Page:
As the number of coronavirus cases rises sharply in Turkey, authorities have imposed stricter containment measures, but major Turkish fresh produce companies like Alanar have been bolstering their efforts ever since the first domestic case was confirmed on 10 March.
“Since the first case was announced here in Turkey, we have been taking serious precautions for different kinds of scenarios that may happen when the season starts,” said marketing and sales manager Yiğit Gökyiğit. “Our main product is cherries, which start in mid-May, so we are working on preparations for the season at the moment. I think we have done well so far, in terms of taking quick action in this unusual situation.”
According to Gökyiğit, all facilities, machines and equipment are being disinfected, as are office recreation areas, vehicles and production sites, while epoxy applications have been completed on cherry, pomegranate and apricot packing areas and warehouse corridors. Meanwhile, trainings on compliance with the Ministry of Health’s 14-day rule have been held.
“The infection risk is lower outside in the orchards, but we are still taking precautions on hygiene and socially distancing at every stage,” said Gökyiğit. “During meals and breaks, staff are restricted to groups of 3-4 people.”
Agricultural activities in the gardens have been organised to use a minimum of workers, he explained. Disinfectants, masks and gloves have been supplied and are mandatory. At the start of every shift, the temperatures of the staff are checked with a contactless device and updated handwashing instructions have been made available in the orchards.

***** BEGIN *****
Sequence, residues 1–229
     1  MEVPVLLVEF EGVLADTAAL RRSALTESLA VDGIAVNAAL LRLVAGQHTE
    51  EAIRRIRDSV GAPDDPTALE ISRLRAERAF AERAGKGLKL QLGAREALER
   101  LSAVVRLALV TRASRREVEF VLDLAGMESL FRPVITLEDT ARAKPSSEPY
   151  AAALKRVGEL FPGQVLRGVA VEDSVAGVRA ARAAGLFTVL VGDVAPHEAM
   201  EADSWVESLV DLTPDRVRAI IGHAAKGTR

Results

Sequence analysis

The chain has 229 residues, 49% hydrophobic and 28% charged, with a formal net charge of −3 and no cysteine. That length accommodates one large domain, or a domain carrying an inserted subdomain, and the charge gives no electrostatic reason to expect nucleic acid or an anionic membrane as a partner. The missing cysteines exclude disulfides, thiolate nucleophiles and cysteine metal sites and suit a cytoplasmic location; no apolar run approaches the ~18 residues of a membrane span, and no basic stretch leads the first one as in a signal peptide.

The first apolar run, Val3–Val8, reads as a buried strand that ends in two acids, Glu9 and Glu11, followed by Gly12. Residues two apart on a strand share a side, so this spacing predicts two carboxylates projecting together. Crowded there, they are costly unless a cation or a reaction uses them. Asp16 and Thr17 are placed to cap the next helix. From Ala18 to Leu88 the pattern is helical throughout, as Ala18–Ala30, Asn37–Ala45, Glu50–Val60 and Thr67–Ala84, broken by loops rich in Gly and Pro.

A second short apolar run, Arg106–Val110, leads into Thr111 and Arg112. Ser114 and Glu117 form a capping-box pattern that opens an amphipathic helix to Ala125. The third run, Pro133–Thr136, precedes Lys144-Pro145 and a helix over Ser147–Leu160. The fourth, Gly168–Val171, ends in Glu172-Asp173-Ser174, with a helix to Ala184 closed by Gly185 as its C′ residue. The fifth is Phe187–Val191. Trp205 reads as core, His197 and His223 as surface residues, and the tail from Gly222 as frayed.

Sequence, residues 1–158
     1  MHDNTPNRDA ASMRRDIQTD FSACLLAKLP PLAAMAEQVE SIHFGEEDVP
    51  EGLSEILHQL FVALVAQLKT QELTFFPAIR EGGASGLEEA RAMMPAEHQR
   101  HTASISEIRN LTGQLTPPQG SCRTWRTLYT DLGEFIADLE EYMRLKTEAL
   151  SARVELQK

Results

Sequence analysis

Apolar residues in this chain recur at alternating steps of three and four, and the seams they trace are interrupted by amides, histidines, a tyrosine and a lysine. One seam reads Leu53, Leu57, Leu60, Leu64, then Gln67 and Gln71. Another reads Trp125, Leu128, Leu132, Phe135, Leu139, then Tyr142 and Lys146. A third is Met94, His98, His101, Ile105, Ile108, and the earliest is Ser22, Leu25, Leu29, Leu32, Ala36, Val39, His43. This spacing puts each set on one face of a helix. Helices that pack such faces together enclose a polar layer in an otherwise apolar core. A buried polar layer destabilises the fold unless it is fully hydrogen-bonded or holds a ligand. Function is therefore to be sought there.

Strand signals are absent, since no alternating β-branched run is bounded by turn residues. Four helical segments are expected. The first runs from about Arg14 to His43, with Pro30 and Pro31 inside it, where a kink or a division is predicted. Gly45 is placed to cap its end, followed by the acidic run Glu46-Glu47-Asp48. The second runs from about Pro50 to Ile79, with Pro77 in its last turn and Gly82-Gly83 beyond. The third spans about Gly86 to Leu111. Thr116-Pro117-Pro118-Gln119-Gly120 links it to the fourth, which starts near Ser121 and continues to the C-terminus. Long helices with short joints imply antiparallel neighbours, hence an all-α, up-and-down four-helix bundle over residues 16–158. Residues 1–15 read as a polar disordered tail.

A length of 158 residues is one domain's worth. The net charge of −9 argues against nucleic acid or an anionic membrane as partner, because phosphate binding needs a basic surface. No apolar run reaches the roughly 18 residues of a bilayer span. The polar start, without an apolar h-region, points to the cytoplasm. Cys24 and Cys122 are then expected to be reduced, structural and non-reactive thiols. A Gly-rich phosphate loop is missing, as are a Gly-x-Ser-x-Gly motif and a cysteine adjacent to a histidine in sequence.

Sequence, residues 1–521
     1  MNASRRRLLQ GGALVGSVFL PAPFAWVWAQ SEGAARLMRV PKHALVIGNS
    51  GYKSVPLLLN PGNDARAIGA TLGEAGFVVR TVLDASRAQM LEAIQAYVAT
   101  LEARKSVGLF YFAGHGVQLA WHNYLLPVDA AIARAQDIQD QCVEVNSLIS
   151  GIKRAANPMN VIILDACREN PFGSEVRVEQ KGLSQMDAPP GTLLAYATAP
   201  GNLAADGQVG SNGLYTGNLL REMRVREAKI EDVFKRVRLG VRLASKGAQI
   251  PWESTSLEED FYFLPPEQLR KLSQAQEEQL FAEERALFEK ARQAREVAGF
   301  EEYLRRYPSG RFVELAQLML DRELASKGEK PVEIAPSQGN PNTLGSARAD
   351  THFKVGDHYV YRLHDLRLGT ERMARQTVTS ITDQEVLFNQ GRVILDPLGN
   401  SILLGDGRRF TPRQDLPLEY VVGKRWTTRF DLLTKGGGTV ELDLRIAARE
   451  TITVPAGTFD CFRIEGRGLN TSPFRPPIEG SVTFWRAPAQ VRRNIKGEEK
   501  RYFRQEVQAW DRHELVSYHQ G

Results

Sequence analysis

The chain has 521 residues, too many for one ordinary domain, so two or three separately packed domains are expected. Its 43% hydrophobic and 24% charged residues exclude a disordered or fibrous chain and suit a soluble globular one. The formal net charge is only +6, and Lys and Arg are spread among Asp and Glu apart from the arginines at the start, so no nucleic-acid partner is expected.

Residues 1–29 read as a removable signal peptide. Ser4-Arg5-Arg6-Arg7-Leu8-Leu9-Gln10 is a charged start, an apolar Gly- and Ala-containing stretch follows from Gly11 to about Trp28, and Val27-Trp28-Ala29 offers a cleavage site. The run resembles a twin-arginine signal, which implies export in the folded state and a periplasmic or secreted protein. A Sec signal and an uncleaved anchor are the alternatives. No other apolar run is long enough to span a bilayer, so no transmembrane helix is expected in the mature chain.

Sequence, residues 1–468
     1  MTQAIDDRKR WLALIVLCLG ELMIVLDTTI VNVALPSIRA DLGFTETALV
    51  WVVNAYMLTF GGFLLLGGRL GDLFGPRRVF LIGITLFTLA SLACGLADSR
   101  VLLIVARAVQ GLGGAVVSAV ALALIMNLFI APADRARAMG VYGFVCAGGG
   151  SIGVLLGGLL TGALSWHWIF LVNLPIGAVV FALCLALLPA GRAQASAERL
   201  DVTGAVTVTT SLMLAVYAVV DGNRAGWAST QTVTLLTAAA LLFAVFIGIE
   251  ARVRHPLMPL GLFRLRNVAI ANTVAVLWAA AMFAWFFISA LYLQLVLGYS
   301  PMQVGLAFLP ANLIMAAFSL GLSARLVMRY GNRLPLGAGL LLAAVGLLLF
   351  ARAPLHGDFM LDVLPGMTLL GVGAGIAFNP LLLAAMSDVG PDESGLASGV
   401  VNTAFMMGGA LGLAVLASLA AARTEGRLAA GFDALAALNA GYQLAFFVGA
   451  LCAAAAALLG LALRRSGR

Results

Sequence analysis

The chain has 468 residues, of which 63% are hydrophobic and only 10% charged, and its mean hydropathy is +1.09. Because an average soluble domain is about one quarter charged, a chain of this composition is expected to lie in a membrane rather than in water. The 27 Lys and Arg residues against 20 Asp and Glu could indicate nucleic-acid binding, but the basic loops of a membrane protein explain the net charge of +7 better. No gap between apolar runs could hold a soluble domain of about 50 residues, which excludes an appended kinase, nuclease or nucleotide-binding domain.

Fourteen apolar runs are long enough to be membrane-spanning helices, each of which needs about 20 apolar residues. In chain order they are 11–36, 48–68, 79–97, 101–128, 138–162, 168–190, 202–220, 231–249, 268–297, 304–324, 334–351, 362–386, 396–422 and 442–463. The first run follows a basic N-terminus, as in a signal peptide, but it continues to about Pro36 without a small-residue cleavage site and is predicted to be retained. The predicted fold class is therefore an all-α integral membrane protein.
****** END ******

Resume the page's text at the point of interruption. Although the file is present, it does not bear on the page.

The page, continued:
“The coronavirus measures determined by the Ministry of Health are being fully implemented in Alanar’s orchards and the nursery operation units,” said Gökyiğit. “Business meetings continue to take place with minimum attendance, in particular for the working units. Employees are transported to the orchards using half the carrying capacity of our vehicles. In departments where seasonal workers are employed, necessary controls are carried out at the entrance to the work areas. As of today, there are no quarantine or isolation cases among our employees and their families.”
Since Turkey managed to keep the coronavirus out for so long, citizens have been aware of its seriousness since day one, having already witnessed its impact not only in China, but also in Italy. “Everybody is highly conscious, trying to remain isolated and following hygiene instructions as closely as possible,” said Gökyiğit. “The coronavirus has made the whole world come together, which makes me hopeful, because I believe people can do anything when they cooperate and work for the good of everyone.”
Unlike many producing nations, Turkey is expected to face no labour issues as a result of the pandemic, since pickers in the country tend to be Turkish.
“Agriculture is in the DNA of this country, so everyone, especially those living in agricultural regions, is experienced in the industry,” said Gökyiğit. “We are the leading grower-packer-exporter of fruit in Turkey and a subsidiary of Tekfen Holding, one of the largest conglomerates in the country. Thanks to this strong corporate structure, I expect that we will be able to manage the crisis as well as possible until the spread of the virus is under control. We will keep in touch while keeping a safe distance. If we continue to think positively, the whole world can get through this.”
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